Rappler and ANC report pattern of police brutality

CHEERS TO Rappler and ANC’s Rundown for reviewing past cases of police brutality in light of a recently reported case in Southern Leyte. Other media did report the incident but without the necessary reference to the pattern of violence exhibited by supposed protectors of the people.

On December 9, Police Staff Sergeant Ronald Gamayon of the Southern Leyte Provincial Police was seen by witnesses and caught on camera beating theft suspect Gilbert Ranes in Maasin City. Another video showed three men in civilian clothes and a police officer in uniform dragging Ranes into a police vehicle; a witness heard in the video said Ranes was being treated “like a pig.” 

On December 14, Inday Espina-Varona of Rappler detailed the case and described it as an “arc of brutality.” She said, “Ranes is the rare case where a series of graphic videos show the arc of events – from the 7 pm street side beating, to police station, to being carried out around 8 pm for hospital treatment. Doctors at the provincial hospital tried to save Ranes but pronounced him dead at 11 pm.” He died from severe head trauma according to the medical report.

Espina-Varona cited Carlos Conde of Human Rights Watch (HRW) who said that police officers should be made accountable by authorities and that laws against police abuse should be upheld. 

“Ranes’ family deserves justice, and a thorough and impartial investigation should be undertaken into his apparent wrongful death in police custody,” Conde said. Rappler also noted HRW’s report that called attention to previous cases of police abuses, particularly during the six-year “war on drugs” of former president Rodrigo Duterte.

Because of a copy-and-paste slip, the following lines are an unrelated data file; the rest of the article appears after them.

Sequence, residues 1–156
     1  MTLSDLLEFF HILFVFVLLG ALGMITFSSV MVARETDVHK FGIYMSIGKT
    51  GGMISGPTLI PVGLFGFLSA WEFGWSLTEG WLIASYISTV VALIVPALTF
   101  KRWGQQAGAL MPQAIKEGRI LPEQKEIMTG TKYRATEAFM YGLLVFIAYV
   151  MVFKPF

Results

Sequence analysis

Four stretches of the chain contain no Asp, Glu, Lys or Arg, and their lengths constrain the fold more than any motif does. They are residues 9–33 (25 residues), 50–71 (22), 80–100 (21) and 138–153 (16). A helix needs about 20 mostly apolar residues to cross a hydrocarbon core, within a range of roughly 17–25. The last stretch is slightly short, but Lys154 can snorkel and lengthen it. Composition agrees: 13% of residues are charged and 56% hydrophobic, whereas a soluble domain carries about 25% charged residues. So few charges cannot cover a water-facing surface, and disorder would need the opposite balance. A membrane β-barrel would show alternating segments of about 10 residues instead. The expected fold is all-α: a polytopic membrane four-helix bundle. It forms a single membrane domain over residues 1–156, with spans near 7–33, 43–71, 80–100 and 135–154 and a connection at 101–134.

Conde elaborated on these cases on ANC last December 16. Anchor Mike Navallo asked how common the case of Ranes is in the Philippines. Conde said that torture by the police remains prevalent in the country, although most of the incidents have no recorded footage. “A lot of them happen in detention facilities, in holding cells of the PNP,” Conde added.

Conde recalled reported instances which include the use of a “wheel of torture,” the existence of a secret detention cell in Manila discovered by the Commission on Human Rights, and the detention of youth in dog cages for allegedly violating curfews during the COVID-19 lockdowns. 

“The normalized act of police officers mistreating, slapping, kicking victims or suspects, that’s a form of torture but it’s so prevalent,” Conde said. He added that this case shows the “sheer brazenness” of the police and “even impunity as Gamayon felt he could get away with that even with the full view of the public.” 

Similar cases of killings by the police – Jonel Nuezca in December 2020 and Hensie Zinampan in May 2021– were also videotaped by bystanders and went viral on social media, getting the sustained attention of mainstream news outfits. The media should always be on the lookout for such cases, as their persistent attention could help check the excesses of the police, which are supposed to protect citizens.